Using this Dockerfile you can build an image for a Node.js application that starts from an index.js file—in this example we’ll create a simple HTTP server that outputs ASCII cows using an npm module. Following standard conventions, we namespace the image with a username or organization name, the name of the image, and the version of the application, and run the
docker build command in the root of the Node.js project directory:
Once the image is successfully built, we can run the container in the root directory of the project. Several command-line options are needed that tell Docker to run the image as a daemon, map port 3000 to the host operating system’s port 3000, mount directories that exist on the host (the actual application code) inside the container, and give it a friendly name, “cow-service”:$ docker run -ti -d --name cow-service -p 3000:3000 -v $(pwd):/home/app -v /home/app/node_modules csmith/cow-service:v1.0.0
If the container is successfully running (a quick
docker ps can verify this), an HTTP request to localhost:3000 will output a cow:
Using Docker for Mac and the official Node.js image, a simple Node.js web service is now running in a container. If changes are made to the application code, restarting the container by providing the name,
docker restart cow-service, will pick them up. According to a recent post by Dave Kerr, if you’re using code watching tools like nodemon, the new Docker for Mac software will now correctly pick up changes. However, if npm dependencies change, you will need to rebuild the image using the
docker build command given the structure of this Dockerfile.
With Kitematic, restarting and viewing the logs and volumes can be managed in a graphical interface:
The path to Docker containers in production
At this point, it’s reasonable to wonder if the additional complexity of installing Docker, defining a Dockerfile, and running a series of commands to build an image and run a container is worth it for such a simple application. The key is that all of the dependencies needed to run Node.js—the correct version of Node.js, npm dependencies, and npm itself—are completely isolated from the host operating system and packaged into a read-only image.
That means after going through this process, the app is wrapped in a container image that is a static, versioned artifact. It can be shared with other team members, used in continuous integration environments to run tests, and eventually deployed to a production environment. Notably, running the Node.js application inside a container didn’t require any code changes to the app or to macOS itself—the only file that was created in the root of the application directory was a Dockerfile.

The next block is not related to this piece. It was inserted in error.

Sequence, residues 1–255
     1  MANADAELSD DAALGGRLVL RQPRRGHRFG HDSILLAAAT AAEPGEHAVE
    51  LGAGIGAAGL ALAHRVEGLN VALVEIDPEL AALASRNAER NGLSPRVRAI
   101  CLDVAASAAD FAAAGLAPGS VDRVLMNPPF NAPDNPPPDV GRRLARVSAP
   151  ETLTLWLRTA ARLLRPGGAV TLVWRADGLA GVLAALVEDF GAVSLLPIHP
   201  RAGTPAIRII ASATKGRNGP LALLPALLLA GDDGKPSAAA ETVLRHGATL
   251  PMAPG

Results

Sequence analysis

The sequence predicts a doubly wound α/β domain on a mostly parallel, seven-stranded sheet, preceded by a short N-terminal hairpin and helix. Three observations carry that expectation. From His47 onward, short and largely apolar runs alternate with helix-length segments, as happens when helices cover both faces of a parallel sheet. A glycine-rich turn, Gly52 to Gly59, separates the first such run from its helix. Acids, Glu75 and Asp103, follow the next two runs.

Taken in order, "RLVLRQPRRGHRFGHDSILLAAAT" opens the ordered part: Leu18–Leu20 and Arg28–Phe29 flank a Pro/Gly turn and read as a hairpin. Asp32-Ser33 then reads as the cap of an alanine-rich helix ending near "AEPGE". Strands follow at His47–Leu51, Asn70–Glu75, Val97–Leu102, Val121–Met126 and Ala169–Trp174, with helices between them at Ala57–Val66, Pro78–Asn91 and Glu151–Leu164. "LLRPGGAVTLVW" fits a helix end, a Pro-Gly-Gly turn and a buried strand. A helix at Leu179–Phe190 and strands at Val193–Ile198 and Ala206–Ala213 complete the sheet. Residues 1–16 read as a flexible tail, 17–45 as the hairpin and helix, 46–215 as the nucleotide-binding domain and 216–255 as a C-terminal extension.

Docker is increasingly useful for a variety of developer workflows, even when Docker isn’t running in production. As you use Docker to create less fragile development and production environments that support faster changes and more frequent deployments, you’ll want to check out New Relic APM, which is built to help software teams understand how changes affect app performance and reliability.
You can learn more about New Relic’s own multi-year experience running and monitoring Docker applications in production in From Zero to Docker: Migrating to the Whale, How New Relic Used Docker to Solve Thorny Deployment Issues, and How Containers Helped New Relic to Scale [Webinar]. And you can find out more about New Relic’s Docker monitoring capabilities here.Additional Resources
- Docker for Mac beta
- Node.js + Docker Best Practices
- Node.js Guide to Using Docker
- Lessons Learned from Building a Node App With Docker
- Docker on the New Relic blog
Senior Technical Marketing Engineer Adam Larson contributed to this post with invaluable suggestions and technical feedback.
About the Author
Clay Smith is a Developer Advocate at New Relic in San Francisco. He previously has worked at early stage software companies as a senior software engineer, including founding the mobile engineering team at PagerDuty and shipping one of the first iOS apps written in Swift. View posts by Clay Smith.